Tuesday, 29 May 2012

Dog blog from India

Dog blog from India

A mass of mutts in Mussoorie. Photo: My dear wife
Wherever you go in India there are dogs everywhere. Scrawny, emaciated mutts lie on the edge of the road or scavenge around in rubbish.

You can't help but feel sorry for the dejected-looking dogs, frequently told to "Hut" ("Go away") by all and sundry as they struggle to survive.

Many of them limp around and are injured, probably from being hit by vehicles, but there is little hope any of them will receive veterinary care.

It's a far cry from the pampered pooches in the west who have the luxury of a daily walk, regular feeds and a kennel. It makes you realise just how ridiculous and extravagant the whole concept of designer dogs in the west is - where celebrities give them pedicures or put them up in luxury pet hotels.

Some of the kids here at Woodstock have helped to set up a dog shelter to look after stray dogs in the vicinty, which will also have a sterilisation programme to stop the increase in strays. It's a worthy scheme but feels like something of a drop in the ocean for the whole country.

I guess in a country when so many people go hungry and eke out an existence it's not surprising dogs are left to roam the streets, and there's little sentimental attachment to such animals.
The coolest dog in India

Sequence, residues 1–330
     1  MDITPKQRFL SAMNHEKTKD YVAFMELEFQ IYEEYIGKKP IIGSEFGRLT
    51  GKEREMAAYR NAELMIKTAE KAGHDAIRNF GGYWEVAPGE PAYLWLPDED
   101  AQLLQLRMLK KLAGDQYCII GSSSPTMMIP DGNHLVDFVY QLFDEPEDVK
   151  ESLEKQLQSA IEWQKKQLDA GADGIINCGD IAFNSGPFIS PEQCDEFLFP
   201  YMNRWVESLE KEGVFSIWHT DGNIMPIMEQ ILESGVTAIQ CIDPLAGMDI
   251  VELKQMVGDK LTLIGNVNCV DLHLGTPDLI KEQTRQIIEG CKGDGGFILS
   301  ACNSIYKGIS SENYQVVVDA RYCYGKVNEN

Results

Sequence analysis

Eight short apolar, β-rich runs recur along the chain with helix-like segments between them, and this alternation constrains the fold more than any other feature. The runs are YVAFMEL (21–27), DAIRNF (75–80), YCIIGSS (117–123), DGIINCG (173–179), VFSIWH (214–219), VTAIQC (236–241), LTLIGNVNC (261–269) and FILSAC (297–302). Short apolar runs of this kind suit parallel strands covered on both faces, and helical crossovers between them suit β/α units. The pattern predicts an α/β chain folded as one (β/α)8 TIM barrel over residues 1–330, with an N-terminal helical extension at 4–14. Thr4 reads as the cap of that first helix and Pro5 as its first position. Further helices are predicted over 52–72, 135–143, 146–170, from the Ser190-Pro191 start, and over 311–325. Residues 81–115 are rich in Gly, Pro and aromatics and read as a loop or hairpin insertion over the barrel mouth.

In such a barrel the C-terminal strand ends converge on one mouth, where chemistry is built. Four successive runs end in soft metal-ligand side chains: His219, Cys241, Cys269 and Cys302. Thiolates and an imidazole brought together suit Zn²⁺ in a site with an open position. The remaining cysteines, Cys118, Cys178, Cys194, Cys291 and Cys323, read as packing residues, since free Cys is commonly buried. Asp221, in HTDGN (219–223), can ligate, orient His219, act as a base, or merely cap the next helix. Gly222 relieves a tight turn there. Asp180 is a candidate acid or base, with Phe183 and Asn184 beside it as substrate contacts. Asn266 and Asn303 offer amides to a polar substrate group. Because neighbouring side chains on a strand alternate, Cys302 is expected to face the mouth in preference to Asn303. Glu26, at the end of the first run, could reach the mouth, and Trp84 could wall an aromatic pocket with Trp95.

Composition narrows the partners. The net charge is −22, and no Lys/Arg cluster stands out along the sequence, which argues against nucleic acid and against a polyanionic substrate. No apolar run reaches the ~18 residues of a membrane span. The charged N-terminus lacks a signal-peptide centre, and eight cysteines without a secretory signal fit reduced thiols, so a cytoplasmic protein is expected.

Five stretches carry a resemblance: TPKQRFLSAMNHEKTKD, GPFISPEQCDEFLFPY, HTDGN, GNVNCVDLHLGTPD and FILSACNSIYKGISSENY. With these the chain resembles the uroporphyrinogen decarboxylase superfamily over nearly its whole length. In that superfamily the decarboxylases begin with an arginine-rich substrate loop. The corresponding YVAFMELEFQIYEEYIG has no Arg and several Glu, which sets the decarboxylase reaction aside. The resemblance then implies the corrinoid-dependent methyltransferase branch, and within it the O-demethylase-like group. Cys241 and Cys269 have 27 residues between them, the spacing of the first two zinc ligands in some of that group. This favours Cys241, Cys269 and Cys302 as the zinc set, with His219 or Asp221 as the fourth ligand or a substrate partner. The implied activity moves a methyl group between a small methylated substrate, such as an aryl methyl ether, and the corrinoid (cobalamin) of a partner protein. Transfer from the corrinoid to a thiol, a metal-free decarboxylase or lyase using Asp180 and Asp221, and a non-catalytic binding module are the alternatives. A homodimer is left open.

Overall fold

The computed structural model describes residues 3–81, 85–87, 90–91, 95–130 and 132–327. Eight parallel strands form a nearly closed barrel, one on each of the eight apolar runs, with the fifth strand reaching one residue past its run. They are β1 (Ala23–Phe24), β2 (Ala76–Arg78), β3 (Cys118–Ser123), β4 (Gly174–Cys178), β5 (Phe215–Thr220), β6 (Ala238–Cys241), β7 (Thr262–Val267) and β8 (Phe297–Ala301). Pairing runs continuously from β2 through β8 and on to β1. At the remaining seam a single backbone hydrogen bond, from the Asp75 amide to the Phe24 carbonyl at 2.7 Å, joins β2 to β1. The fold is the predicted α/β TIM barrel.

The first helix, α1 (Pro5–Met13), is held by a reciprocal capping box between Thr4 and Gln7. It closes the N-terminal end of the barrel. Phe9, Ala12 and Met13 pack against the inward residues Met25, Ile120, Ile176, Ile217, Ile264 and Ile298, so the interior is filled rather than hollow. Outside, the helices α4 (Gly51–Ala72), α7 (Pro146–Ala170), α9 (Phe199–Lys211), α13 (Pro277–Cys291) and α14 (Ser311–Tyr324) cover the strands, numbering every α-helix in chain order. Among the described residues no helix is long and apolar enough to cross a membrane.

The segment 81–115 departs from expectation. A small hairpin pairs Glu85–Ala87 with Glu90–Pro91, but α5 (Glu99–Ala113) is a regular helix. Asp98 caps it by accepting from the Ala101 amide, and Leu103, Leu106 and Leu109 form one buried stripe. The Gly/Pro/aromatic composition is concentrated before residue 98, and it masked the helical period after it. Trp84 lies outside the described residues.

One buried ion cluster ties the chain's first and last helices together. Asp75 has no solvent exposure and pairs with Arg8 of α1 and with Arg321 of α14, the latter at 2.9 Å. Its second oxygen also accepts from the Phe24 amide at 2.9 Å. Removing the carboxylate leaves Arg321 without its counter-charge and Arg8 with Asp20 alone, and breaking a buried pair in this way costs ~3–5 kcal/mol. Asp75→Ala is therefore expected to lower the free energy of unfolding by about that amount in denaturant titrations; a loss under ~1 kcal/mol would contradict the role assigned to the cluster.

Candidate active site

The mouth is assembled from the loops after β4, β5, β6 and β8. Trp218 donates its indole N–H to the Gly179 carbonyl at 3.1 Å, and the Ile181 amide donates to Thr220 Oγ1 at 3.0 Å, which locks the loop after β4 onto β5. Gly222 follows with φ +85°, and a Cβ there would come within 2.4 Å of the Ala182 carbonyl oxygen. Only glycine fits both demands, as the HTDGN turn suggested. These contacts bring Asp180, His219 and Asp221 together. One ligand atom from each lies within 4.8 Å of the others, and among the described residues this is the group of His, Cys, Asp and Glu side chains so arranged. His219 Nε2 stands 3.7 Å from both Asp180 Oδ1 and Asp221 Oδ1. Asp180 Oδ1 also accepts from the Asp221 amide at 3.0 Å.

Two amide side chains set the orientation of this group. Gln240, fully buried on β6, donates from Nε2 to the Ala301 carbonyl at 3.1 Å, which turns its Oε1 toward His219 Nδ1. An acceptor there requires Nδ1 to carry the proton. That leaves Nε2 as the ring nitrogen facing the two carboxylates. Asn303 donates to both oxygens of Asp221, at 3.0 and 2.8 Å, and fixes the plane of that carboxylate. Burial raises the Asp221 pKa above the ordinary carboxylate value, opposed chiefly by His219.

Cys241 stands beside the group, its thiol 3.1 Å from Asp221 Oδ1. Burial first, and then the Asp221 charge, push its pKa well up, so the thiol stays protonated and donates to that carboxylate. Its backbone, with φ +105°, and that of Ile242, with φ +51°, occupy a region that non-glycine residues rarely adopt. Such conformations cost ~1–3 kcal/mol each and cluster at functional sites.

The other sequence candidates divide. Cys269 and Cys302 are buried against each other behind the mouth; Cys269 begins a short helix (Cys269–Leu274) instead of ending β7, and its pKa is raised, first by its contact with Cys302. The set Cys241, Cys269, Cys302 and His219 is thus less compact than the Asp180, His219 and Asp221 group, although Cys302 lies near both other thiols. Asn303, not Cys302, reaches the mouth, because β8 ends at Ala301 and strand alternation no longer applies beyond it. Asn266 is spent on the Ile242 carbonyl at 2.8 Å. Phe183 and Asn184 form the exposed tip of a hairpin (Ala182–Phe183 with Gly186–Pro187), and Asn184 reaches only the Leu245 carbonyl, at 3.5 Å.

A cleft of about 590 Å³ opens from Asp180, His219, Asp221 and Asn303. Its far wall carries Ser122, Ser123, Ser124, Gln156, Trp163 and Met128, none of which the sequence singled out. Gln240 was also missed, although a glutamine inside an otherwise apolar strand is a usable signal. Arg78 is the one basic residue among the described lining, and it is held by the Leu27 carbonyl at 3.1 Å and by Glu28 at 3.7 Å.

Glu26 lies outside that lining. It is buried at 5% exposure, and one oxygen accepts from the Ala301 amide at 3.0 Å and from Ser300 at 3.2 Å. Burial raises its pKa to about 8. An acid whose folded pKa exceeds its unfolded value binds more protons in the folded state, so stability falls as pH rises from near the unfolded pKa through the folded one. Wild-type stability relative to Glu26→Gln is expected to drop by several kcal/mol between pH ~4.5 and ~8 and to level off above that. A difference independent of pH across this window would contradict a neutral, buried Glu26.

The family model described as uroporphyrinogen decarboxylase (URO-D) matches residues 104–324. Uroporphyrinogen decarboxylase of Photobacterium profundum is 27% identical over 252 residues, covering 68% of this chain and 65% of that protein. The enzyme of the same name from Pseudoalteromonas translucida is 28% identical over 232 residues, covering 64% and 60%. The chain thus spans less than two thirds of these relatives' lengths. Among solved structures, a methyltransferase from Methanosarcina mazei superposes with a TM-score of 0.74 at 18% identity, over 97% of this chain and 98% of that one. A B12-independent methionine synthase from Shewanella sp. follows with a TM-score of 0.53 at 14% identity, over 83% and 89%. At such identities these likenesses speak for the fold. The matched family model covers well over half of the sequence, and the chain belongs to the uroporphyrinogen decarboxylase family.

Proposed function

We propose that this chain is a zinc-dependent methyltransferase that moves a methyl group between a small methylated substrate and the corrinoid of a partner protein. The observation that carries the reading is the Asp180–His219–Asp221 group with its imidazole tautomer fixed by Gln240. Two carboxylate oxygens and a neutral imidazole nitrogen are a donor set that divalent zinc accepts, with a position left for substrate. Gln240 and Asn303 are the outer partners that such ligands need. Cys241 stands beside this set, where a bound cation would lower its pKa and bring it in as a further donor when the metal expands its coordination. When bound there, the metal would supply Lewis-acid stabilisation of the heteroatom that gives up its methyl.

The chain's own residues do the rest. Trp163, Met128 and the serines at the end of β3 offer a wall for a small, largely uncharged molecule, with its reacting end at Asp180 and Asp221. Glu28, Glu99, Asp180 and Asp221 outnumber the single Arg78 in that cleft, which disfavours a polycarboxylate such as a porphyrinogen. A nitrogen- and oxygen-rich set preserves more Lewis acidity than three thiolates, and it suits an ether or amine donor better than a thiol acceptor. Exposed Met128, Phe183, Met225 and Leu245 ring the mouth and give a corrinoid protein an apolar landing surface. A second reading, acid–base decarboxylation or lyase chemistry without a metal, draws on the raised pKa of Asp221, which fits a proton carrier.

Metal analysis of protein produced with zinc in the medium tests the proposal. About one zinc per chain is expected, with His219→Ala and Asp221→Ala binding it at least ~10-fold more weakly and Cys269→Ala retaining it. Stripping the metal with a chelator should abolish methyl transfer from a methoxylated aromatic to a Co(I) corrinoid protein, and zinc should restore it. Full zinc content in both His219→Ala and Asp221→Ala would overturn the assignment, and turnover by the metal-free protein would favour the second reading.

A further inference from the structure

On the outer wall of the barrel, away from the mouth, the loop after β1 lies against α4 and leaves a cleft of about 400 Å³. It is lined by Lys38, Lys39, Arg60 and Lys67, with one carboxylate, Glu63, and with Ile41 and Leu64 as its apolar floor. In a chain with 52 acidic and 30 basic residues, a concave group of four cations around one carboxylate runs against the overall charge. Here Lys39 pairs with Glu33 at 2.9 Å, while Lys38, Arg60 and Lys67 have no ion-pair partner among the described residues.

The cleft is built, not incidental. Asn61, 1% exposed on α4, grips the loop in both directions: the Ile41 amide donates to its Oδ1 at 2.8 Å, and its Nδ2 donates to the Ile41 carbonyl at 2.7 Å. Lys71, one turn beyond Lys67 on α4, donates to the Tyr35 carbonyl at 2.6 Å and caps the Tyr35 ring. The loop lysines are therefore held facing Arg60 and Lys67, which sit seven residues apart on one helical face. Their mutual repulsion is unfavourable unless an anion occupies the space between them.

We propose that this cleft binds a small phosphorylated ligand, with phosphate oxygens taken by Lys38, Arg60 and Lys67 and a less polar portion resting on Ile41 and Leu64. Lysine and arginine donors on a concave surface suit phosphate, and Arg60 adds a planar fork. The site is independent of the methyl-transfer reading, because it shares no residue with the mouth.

In the meantime I'll try and give big dog love to any canines I encounter on my travels. The other day we almost ran over one of the downcast dogs as we tried to park the scooter, so I gave him some leftovers from our meal that night.

But I won't be stroking any of these dogs I'm afraid to say. Having just read that a woman in the UK died from rabies after being bitten by a dog in south east Asia, I'll just toss them the odd morsel and avoid any dog dentures.

Finally: my wife gets footy

On a totally unrelated subject I can confirm my wife has finally understood my passion for football. After years of incomprehension as to why I could spend so much time, money and emotional energy on perennial underachievers Southend United and 22 men chasing a cow's bladder around a field, Kirsten finally experienced the wonder and amazement of football.

To be fair the Southend games she's accompanied me to have been two of the worst football matches I've ever experienced (most recently Southend 0-1 Bradford, Dec 2011 - a result that cost us automatic promotion).

But football fell into place for her during the culmination of the English Premier League season when Manchester City won the title in extraordinary circumstances.

As you probably saw, City were trailing QPR 2-1 with just four minutes to go, needing two goals to win the title. It looked like they had blown what should have been an easy win, and their chance to win their first title in 44 years, and get one over Manchester United. Kirsten was in tears as she saw all the crying Man City fans on the TV.

Then incredibly Dzecko and Aguero scored two goals in the final few minutes, and in an incredible finale City had come back from the dead. We were jumping around embracing each other in the most amazing climax to a league season in years, possibly ever.